A spokeswoman for McDonald's Hong Kong said it did not receive any products from Husi Shanghai but had been using meat supplied by OSI group branches outside Shanghai.

KFC and Pizza Hut told media that they did not use any products from the factory in question.

James Button, director of the Shanghai-based consultancy SmithStreetSolutions, said the Husi case will make it more difficult for international brands such as McDonald's and KFC, to compete for costumers in China.

"When they first entered the market, they offered unique experiences in terms of novel food choices, clean environment and perceived higher quality and safety vs. other options," he said.

"This latest scandal is yet another reminder to consumers that no one is above food quality issues in China."

The Shanghai factory processed 25,000 tonnes of food annually. It received a food safety award from Jiading district this year.

OSI, which has close to 60 manufacturing facilities worldwide and had revenue of over US$5 billion in 2012, has been supplying McDonald's in China since 1992 and Yum since 2008.

McDonald's has about 2,000 restaurants in China. Yum has 6,200 branches in China, while Ikea has 16 stores.

Additional reporting by Shirley Zhao and Reuters

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jiawang@adb.org
Silly man, the Chinese meat supplier was also providing junk meat to Chinese establishments.
Where do you think those dead pigs in the river end up - in some hot pot restaurant.
Eating any food in China is risky.
ssslmcs01
These people are evil to consider sending out rotten food for human consumption. They should be forced to eat the food themselves.
jiawang@adb.org
In a country like China, there is no integrity.
It is corrupt and rotten to the core.
sontan0917
rubbish husi co. take back the awards they got. this company should be closed immediately as they will surely do the same blunder in future. all this rotten meat should be fed to the head and staff and their family.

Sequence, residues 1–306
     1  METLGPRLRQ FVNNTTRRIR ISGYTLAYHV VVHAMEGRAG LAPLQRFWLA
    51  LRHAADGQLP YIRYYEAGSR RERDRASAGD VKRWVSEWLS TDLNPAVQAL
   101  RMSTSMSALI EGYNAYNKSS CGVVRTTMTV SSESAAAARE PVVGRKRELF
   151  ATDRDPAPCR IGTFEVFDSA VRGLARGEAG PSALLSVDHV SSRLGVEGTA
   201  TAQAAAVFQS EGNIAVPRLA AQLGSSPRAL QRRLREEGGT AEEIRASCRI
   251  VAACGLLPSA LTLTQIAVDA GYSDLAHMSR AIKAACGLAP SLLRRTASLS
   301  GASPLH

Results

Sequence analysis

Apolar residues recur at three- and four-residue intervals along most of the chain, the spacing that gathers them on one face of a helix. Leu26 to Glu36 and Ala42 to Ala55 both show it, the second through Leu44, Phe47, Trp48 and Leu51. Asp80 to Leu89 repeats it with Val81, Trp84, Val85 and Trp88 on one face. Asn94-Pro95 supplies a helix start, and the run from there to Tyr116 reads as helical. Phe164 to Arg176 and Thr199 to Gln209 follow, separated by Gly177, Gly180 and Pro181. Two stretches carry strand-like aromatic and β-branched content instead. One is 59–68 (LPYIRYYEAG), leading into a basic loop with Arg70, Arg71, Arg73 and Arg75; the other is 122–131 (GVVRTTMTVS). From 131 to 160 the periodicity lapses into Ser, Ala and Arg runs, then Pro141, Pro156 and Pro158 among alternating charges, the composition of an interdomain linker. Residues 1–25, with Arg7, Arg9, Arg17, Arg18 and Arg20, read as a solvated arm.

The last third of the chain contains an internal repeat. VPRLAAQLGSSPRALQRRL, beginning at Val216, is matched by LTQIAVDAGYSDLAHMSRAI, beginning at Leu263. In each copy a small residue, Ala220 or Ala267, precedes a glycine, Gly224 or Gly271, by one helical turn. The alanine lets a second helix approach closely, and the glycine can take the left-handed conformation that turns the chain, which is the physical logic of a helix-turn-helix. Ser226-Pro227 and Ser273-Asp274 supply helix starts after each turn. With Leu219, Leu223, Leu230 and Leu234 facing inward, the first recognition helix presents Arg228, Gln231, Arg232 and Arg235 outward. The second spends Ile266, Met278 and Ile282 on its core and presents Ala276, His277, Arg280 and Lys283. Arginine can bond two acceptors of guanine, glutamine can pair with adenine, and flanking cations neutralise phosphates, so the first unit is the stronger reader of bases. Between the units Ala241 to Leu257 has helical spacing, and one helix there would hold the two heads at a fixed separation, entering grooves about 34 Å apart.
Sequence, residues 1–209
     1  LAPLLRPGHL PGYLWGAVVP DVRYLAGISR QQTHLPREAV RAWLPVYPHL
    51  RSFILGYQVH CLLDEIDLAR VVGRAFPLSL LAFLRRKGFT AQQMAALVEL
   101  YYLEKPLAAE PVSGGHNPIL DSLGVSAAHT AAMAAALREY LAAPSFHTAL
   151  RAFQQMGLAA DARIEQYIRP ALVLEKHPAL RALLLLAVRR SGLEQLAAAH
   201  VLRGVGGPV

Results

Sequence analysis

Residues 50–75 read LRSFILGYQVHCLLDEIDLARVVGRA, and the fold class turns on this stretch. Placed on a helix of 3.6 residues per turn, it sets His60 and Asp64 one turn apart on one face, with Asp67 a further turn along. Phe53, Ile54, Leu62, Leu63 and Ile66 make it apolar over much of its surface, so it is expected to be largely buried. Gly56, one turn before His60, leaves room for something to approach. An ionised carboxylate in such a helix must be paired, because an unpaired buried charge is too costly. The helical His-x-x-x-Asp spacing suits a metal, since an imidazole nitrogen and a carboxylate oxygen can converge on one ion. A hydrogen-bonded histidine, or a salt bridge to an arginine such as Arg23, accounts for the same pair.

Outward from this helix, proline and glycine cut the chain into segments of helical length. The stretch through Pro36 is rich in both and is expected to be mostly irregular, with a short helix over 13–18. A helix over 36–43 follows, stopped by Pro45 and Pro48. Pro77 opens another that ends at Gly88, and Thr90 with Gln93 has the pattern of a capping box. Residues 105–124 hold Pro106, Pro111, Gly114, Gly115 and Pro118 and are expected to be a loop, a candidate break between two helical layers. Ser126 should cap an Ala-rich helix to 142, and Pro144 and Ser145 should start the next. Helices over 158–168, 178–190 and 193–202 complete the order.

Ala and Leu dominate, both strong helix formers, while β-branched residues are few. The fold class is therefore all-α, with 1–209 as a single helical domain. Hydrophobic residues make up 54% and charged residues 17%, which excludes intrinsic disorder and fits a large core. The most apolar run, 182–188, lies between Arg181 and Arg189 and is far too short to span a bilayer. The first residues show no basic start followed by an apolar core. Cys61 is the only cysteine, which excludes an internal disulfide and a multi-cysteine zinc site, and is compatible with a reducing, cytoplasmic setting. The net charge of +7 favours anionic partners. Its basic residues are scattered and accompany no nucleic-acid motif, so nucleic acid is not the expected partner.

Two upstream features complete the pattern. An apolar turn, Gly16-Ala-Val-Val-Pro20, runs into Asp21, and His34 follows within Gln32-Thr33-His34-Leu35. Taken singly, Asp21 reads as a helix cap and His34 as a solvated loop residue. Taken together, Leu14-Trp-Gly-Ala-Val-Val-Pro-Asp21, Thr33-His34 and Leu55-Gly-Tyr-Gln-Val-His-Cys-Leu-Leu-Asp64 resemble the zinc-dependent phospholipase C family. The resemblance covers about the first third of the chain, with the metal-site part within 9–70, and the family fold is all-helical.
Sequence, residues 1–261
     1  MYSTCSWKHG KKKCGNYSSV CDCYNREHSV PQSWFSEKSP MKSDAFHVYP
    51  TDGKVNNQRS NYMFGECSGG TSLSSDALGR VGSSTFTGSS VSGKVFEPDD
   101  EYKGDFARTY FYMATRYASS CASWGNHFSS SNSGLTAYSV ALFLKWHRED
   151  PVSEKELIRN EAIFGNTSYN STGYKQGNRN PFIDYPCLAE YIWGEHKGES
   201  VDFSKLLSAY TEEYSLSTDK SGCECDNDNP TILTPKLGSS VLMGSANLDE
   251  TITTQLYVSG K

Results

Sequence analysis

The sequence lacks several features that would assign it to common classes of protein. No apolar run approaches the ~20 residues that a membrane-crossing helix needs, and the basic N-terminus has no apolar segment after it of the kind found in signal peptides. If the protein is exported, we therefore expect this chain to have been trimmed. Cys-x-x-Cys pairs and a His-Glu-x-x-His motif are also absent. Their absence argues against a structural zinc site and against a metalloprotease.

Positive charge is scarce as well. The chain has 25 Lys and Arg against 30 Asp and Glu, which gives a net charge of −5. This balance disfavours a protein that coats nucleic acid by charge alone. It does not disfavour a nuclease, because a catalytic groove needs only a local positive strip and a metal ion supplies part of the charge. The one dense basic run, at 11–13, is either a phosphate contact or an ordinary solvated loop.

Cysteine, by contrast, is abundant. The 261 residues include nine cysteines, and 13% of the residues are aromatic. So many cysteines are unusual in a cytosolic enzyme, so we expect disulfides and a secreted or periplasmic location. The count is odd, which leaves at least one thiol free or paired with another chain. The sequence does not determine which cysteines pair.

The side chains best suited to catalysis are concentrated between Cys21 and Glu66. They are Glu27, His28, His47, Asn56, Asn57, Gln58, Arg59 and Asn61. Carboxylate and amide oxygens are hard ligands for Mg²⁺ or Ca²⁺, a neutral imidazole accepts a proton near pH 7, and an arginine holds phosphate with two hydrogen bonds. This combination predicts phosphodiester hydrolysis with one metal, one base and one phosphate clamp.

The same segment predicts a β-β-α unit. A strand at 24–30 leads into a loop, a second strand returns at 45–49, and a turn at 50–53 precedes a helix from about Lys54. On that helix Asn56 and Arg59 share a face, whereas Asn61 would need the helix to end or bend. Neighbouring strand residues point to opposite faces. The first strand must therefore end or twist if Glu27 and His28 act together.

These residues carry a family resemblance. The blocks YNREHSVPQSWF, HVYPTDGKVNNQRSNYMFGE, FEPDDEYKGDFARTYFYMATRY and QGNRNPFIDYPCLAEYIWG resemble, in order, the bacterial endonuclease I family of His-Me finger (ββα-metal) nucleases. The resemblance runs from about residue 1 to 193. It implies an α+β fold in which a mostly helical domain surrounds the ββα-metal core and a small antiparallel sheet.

charlie212
china bashing ? I see a number of people have agreed with you once again ! lol. This is common practice in china - and think about all the other companies in china where this is and has been going on for years and nobody has found out yet. china bashing ? lol.....go order a bucket of chicken and get some mcnuggets next time you're in the mainland
virokick
They even sell, eat dogs, what more sell rotten beef or chicken.
Evil , uncivilised and rotten.
They sell rotten meat to innocent buyers - women and children.
These people should be jailed.
Ant Lee
consistent with Chinese characteristics (for the Chinese environment soon also applicable to Hong Kong).
oxymoron16
Since the handover, the days of HK are numbered. If we don't die from lung cancer or other respiratory diseases, the pollutants and air particles blown from the north, we would die from slow food poisoning from imports of China's tainted food. This article is nothing to be alarmed about because we all know it's just the tip of the iceberg. Who knows what kind of stuff we have ingested all these years. In grocery stores, made in the PRC is printed so small you would need a magnifying glass.
----
If your argument is based on the theory that it could happen anywhere in the world, well, I would take my chances elsewhere, particularly in the west where the air is certainly fresher, where coal is almost an obsolete form of energy, and there is such a thing called mandatory catalytic converter in all transportation vehicles (google it). There is also such a thing called FDA where its operation is up to par and unobstructed by bribes. Thus the terms "developed" and under-developed" country carry weight.
captam
More China bashing ! Are you naive enough to think this practice never happens in Europe or USA? Note the standard reaction when a Western-owned company gets caught cheating in China, the company immediately tries to shift the onus onto Chinese sub-contractors , suppliers or "local managers". If you are in the food manufacturing business you are responsible for quality right throughout the supply chain. No excuses.
As another example, the British pharmaceutical company GlaxoSmithKline has been using bribery as a standard market enhancing strategy around the world for decades. Did did you notice how they first tried to deny this and blame it on "the Chinese" when their top British manager got arrested recently. This company has also been providing generous financial sweeteners to those responsible for buying drugs for hospitals and clinics within the United Kingdom. Nobody ever says a word about this because all parties are 'happy' with the transactions.
Paradox314
This sort of thing happens occasionally in countries all over the world. (Just to be fair)